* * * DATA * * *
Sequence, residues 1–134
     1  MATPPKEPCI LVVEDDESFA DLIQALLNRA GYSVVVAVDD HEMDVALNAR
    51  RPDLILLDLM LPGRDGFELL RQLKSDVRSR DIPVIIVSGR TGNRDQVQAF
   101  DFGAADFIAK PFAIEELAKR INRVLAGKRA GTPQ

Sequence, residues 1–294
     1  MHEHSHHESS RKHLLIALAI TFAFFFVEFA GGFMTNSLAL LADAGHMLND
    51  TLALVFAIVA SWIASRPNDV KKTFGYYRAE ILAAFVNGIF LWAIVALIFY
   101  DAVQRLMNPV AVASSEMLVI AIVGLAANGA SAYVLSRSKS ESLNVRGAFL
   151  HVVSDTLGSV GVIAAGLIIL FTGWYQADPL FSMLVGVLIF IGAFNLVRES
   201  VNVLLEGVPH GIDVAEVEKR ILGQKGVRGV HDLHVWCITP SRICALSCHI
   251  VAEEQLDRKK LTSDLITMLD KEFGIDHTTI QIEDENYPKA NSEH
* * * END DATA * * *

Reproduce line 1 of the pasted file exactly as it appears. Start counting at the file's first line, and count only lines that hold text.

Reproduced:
Sequence, residues 1–134